Yep, good find. Here is a detailed how too for those who want to use PhilBoogie's idea. The problem is there are still many workarounds to get website passwords, Chipsy pointed out a major hole a few posts above with Safari. There are very few people who actually follow proper security protocols making most computers extremely vulnerable when they are physically in front of an unwanted user. It still dumbfounds me the amount of people who still use auto login, don't set a firmware password to stop the resetting of the OSX users password through the Installation Tools found on the boot medium and especially don't encrypt their home directories with File Vault. I personally moved my entire home-directory onto a high speed SD card in my Macbook Air. This way I always have my data with me, in which ever device I'm currently using. I know it sounds like an overkill but I think it's really convenient, my data and the fact that the Keychain data is stored under the Library folder in the home directory, their never untended.


Edited by Relic - 8/8/13 at 1:29pm
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post #66 of 79
To be fair, I copied it from a website. But yes, I do know about this keychain protection, and use it. I don't have auto login, and tell people not to use it either. And explain to them why.

I also have all of my HDD's and SSD encrypted, but don't use FileVault (because of how messy v1 was) v2 supposedly is way better; I should make to time to read up on it.

From the SD Card link, I take it you're using a 64GB card? Does the Air read a SDHC 128GB Card? Someone here (mstone?) that a 128GB card didn't work with the CCK for iPad use.
post #67 of 79
Quote:
Originally Posted by Gazoobee View Post

 

I would argue that in the first example (leaving your computer logged on and unattended), the person deserves whatever they get, but in the second example, it actually doesn't happen as often as you might think.  I work with hundreds of people who know nothing about computers or viruses and many of them aren't that smart, but only once or twice a year (if that), does anyone get tricked into putting their personal credentials into a web site or email scam. 

 

I was just trying to give examples of cases where someone can gain access to your machine without actually needing to know your login information (hence refuting the "if they have access to your computer they already know your login" argument).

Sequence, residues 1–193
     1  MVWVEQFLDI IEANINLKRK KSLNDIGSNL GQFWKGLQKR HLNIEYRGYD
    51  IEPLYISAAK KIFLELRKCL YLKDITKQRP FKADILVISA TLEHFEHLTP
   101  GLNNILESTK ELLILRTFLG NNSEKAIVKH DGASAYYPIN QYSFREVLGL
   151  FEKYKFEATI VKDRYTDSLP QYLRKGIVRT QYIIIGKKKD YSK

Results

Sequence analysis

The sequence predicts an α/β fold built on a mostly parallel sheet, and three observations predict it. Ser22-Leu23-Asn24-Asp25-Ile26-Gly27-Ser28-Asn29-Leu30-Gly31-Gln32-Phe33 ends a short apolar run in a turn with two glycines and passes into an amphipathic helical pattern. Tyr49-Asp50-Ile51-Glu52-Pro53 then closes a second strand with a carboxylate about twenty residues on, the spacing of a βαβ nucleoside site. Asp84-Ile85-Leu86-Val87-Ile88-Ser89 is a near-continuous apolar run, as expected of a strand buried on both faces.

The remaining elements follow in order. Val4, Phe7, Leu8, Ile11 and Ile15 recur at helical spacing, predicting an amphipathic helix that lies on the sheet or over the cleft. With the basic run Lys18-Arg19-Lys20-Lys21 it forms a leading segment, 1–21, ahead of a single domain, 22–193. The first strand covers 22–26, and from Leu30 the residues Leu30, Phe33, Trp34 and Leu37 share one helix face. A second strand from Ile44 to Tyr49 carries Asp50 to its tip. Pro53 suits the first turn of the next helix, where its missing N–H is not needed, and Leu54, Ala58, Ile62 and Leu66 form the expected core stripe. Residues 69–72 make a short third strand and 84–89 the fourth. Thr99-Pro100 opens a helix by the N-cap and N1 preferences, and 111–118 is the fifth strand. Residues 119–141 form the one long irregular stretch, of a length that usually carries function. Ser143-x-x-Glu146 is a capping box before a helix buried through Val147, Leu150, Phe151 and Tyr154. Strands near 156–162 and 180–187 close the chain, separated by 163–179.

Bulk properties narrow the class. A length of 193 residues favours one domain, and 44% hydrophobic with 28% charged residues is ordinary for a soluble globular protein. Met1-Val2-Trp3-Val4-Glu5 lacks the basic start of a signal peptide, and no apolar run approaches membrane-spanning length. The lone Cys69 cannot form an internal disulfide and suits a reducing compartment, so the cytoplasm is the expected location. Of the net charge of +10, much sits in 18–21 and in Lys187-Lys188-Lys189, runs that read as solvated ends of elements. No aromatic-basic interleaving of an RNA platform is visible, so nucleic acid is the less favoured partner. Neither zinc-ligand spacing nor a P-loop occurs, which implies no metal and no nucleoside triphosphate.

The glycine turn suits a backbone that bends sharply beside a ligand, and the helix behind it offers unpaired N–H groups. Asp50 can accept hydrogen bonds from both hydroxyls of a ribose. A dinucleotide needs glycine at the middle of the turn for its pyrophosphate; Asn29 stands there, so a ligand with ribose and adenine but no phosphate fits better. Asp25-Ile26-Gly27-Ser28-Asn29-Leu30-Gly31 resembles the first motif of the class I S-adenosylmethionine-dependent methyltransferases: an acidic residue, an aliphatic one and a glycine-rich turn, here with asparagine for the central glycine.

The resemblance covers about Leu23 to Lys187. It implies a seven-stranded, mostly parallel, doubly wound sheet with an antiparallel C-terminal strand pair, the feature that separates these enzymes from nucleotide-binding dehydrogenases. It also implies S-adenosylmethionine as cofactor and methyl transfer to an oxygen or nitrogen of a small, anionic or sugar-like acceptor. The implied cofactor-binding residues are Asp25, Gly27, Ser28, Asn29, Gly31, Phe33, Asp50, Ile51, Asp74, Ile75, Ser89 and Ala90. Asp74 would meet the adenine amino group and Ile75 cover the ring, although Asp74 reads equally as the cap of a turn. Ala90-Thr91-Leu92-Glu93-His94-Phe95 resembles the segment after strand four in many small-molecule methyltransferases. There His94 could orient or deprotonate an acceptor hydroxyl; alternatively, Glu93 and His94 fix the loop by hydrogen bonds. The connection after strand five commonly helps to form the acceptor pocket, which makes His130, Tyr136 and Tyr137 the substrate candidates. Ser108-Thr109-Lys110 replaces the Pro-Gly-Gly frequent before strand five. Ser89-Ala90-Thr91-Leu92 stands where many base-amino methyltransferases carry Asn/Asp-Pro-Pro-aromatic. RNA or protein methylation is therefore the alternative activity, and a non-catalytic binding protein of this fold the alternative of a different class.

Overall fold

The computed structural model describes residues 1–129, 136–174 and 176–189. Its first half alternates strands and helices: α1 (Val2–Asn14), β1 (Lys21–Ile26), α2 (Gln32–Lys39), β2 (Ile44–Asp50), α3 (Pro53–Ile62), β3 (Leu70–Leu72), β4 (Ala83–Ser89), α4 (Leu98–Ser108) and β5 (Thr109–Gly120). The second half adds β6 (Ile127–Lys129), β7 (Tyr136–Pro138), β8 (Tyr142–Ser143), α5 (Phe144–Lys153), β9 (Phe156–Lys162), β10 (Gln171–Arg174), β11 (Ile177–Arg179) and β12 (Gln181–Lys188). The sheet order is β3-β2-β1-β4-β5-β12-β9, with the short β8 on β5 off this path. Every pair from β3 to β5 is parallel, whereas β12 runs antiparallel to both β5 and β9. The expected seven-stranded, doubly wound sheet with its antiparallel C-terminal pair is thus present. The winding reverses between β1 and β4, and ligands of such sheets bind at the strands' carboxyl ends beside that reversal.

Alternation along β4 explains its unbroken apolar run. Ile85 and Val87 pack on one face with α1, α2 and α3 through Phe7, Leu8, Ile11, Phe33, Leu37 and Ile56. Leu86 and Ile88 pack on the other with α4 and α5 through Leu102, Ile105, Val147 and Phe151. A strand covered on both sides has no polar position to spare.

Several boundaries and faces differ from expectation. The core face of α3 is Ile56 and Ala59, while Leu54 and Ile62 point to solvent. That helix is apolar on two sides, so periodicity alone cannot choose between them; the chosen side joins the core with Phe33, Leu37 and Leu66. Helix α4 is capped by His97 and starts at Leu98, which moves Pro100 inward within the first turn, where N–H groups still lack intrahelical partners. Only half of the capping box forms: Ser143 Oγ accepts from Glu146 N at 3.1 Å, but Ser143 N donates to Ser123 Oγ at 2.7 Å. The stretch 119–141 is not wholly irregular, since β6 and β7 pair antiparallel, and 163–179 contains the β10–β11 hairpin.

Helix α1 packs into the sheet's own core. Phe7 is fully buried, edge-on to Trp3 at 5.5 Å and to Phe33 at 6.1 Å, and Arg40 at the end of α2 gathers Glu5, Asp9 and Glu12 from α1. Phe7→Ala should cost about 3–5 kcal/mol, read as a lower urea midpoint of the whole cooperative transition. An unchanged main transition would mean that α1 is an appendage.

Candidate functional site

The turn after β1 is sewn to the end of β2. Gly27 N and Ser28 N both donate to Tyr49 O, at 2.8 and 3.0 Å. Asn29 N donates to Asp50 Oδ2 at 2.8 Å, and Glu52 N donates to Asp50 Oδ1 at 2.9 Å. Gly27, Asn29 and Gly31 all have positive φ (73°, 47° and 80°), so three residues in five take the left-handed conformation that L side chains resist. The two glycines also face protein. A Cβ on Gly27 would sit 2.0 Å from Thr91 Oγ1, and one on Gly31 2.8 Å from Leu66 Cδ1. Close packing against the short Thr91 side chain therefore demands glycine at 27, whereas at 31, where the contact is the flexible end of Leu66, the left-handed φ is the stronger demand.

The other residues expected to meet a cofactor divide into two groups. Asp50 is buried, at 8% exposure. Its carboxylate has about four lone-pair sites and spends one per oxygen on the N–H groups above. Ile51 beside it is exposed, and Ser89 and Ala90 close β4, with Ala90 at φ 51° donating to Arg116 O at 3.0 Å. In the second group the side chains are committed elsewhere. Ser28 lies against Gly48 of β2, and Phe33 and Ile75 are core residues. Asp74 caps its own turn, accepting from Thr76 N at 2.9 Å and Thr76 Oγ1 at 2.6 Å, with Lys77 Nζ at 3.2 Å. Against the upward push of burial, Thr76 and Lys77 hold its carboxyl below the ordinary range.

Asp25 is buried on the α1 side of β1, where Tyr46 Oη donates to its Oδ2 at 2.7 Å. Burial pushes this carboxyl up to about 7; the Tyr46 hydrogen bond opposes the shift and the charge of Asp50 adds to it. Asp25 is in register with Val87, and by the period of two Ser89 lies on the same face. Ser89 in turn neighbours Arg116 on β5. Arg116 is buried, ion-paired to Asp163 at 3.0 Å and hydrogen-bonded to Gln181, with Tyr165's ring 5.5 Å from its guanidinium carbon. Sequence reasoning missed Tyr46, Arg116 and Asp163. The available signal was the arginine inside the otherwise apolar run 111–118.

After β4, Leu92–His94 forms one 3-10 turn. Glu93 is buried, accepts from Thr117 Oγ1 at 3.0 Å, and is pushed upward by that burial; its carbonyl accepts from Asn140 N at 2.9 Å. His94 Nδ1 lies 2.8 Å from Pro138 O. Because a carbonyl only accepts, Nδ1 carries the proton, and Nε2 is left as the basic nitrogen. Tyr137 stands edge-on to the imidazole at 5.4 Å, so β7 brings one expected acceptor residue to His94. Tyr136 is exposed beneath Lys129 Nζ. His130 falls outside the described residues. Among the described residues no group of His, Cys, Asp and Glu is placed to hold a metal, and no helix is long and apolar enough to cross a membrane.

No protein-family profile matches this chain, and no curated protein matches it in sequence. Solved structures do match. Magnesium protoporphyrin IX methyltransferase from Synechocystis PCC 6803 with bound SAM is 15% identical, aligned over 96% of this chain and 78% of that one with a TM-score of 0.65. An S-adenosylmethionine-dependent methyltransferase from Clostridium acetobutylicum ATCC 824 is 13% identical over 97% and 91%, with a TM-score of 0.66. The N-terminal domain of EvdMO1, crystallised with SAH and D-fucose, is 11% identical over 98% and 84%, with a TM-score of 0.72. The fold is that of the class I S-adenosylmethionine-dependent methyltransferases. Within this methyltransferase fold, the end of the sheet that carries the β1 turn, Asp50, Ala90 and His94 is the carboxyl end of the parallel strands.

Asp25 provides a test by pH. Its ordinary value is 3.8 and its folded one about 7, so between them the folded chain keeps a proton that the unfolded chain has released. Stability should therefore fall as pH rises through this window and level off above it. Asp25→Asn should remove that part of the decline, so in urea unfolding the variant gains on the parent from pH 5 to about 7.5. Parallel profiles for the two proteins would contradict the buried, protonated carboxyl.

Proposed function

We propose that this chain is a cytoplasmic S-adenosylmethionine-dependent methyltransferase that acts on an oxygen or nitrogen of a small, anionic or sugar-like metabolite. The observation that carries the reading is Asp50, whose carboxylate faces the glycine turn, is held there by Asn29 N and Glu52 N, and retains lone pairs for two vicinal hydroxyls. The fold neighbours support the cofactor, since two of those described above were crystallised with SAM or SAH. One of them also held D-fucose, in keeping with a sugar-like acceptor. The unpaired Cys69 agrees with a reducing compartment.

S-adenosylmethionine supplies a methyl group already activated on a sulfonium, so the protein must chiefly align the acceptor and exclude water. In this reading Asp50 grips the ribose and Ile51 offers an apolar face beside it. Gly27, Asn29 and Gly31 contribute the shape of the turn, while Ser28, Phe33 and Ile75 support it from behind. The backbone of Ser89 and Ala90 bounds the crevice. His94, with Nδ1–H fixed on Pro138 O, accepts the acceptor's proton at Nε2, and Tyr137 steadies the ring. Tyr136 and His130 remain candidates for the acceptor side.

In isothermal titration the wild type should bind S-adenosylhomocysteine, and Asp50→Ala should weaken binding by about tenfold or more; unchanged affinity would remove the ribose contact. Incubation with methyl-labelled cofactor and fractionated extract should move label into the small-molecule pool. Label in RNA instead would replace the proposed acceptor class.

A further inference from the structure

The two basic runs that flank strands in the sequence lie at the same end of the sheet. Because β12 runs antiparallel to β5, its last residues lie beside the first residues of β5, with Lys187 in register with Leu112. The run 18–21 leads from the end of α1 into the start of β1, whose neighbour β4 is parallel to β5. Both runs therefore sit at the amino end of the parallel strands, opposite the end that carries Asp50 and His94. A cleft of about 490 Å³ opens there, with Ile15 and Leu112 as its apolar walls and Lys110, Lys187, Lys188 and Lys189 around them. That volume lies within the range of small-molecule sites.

For the second case, I meant buffer overflow attacks where the malicious website/attachment exploits some security hole in your browser/email client, thereby gaining full access to your computer without knowing your login.  After that, the payload could be a program which harvests your Google password store and uploads it somewhere.

 
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post #68 of 79
Quote:
Originally Posted by sflocal View Post

If it were Apple, this would be on CNN, Fox, and Jon Stewart.

Since this is Google, it's irrelevant.  Fanboys and iHaters will simply call this a "feature" and hope everyone forgets about it in a week.

That's because people expect Google to screw up and when Apple does, it's a MAJOR news story, but when Google does something wrong, it's tiny little article that hardly anyone sees.  I'm on to Google's lobbying efforts, I wonder how many Nexus Phones or Google Glass they are handing out under the table to people in the media?   I wouldn't put it past Google to do that as damage control, but I already know Apple doesn't hand out product like Candy to people in the media.  They loan products out for product announcements, but they don't give them away.

post #69 of 79
Quote:
Originally Posted by PhilBoogie View Post

To be fair, I copied it from a website. But yes, I do know about this keychain protection, and use it. I don't have auto login, and tell people not to use it either. And explain to them why.

I also have all of my HDD's and SSD encrypted, but don't use FileVault (because of how messy v1 was) v2 supposedly is way better; I should make to time to read up on it.

From the SD Card link, I take it you're using a 64GB card? Does the Air read a SDHC 128GB Card? Someone here (mstone?) that a 128GB card didn't work with the CCK for iPad use.

Oh sorry I wasn't emplying that your howto was incorrect, I just provided a link because it shows why you would want this and has pretty pictures. The 128GB SD cards work fine but there not the fastest. The 64GB was a good compromise between speed and storage.
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post #70 of 79
Quote:
Originally Posted by Relic View Post

Oh sorry I wasn't emplying that your howto was incorrect, I just provided a link because it shows why you would want this and has pretty pictures. The 128GB SD cards work fine but there not the fastest. The 64GB was a good compromise between speed and storage.

1) No sorry needed.

2) Yep, better to focus on the balance of speed and storage.

3) So, ok, the Air does take 128GB cards; thanks.

4) Some put a small portion of their Fusion Drive on an USB stick; creating a Security Key. That way the Mac can only boot with the USB stick in it. Mentioned here:
http://forums.appleinsider.com/t/155321/apples-fusion-drive-now-available-on-new-entry-level-21-5-imac-orders/80
post #71 of 79
Quote:
Originally Posted by drblank View Post